ITS Monday: Edition 34, 2021
A small collection of curated content from the worlds of intelligent transport systems, smart mobility, and associated areas.
Included this week, safe and legal micromobility, new Qld public transport vehicles, greener supply chain, and more.
And just in case you hadn’t caught it yet, we have a new series of interviews with transport professionals – Effects of COVID on the transport sector – what they see now, what they would like to happen post-pandemic, and what they think will happen. If you’d like to be join this conversation, drop us a line!
This week’s articles
Now, scroll down, and see what’s in this week’s edition. Oh, and before you do, be sure check out the quickest way to receive our new content via the subscription box just below …
This article is from Honi Soit, a publication of of the University of Sydney, so it has a NSW focus. But the story could be focused on any Australian city or town. E-Scooters are here, but they are here in a decidedly greay space, with questions of their legality and safety of use still very much unresolved.READ THE ARTICLE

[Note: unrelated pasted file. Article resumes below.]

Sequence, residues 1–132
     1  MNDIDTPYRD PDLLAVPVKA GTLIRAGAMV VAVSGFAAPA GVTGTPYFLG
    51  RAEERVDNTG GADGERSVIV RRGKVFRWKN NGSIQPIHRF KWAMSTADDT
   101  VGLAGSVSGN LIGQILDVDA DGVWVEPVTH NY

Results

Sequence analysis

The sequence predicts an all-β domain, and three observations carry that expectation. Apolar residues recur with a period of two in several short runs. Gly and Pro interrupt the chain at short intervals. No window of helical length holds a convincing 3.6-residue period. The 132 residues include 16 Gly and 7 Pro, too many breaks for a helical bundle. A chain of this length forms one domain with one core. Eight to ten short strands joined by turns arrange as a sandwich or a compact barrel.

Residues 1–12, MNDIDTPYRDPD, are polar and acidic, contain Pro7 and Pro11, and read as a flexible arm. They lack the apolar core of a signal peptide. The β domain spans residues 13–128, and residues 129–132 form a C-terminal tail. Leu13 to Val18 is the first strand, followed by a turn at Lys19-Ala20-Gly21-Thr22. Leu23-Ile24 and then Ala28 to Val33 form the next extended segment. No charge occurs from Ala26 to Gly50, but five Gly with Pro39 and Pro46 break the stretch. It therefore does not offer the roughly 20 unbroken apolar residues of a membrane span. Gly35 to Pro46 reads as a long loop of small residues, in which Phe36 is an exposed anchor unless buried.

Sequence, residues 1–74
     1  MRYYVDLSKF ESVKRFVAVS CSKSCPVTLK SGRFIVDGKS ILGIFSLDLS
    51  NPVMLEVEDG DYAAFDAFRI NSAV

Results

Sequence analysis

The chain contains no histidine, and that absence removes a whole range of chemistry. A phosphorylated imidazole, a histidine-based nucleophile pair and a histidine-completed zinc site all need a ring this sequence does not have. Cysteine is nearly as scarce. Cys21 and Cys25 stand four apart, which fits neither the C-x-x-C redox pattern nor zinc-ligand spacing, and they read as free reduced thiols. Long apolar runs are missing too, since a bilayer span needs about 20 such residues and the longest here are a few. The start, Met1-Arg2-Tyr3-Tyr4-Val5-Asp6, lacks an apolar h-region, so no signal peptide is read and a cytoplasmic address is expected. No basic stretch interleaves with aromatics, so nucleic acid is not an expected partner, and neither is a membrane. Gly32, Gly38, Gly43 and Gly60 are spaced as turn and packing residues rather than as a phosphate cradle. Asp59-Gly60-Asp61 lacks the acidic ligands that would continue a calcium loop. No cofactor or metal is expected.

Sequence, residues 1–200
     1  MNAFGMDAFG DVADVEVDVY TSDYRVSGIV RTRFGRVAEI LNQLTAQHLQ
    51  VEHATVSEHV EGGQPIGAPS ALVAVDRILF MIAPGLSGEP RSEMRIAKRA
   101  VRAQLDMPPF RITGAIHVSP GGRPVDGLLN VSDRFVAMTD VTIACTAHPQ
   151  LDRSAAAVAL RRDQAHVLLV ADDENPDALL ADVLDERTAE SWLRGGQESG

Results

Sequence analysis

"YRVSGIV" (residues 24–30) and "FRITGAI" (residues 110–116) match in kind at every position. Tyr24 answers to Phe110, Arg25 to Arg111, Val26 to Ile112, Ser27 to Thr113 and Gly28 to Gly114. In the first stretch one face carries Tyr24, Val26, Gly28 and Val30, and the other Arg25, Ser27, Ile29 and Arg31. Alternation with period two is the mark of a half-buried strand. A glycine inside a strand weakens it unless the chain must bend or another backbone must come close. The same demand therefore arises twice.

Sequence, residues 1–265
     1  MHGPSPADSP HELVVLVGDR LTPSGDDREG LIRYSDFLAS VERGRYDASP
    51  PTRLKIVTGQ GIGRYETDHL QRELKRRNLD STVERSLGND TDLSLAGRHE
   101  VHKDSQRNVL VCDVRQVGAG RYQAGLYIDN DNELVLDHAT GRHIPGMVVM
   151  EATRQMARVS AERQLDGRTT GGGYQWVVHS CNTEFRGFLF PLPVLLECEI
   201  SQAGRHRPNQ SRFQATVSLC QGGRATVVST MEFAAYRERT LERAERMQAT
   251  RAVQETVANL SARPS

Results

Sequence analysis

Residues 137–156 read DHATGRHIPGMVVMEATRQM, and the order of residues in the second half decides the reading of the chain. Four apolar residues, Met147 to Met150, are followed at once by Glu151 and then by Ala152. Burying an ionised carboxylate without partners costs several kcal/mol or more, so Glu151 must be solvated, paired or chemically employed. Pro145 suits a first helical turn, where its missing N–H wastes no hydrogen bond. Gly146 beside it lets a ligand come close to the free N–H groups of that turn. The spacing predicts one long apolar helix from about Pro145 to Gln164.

A reveal of the final design for the first of 60 articulated and electric buses underpinning the Brisbane City Council’s $1.2 billion high-frequency transport program. The pilot vehicle will be tested in Switzerland this year, before arriving in Brisbane for local testing in 2022.READ THE ARTICLE
More Queensland public transport news, this time 16 new electric buses will be built in the Bustech workshop on the Gold Coast, the fleet to be charged by 100% renewable energy. The first completed bus is set to be completed and in service within the next year.READ THE ARTICLE
I may have already posted this one recently. Apologies if I did, but it does bear reading. ‘In a new research collaboration with the Smart Public Transport Lab at TU Delft, we study this topic by looking at empirical data on Uber trips and overlaying public transport trip data on top. We focus on three European and three American cities in October 2018 — Amsterdam, Warsaw, Stockholm, New York City, Washington, D.C., and Houston.’READ THE ARTICLE
‘Supply chains can be a complex logistical challenge. But they pose an even greater environmental challenge. And it’s that latter problem — global supply-chain sustainability — where U.K. startup Sourceful is fully focused, although it argues its approach can boost efficiency as well as shrink environmental impact.’READ THE ARTICLE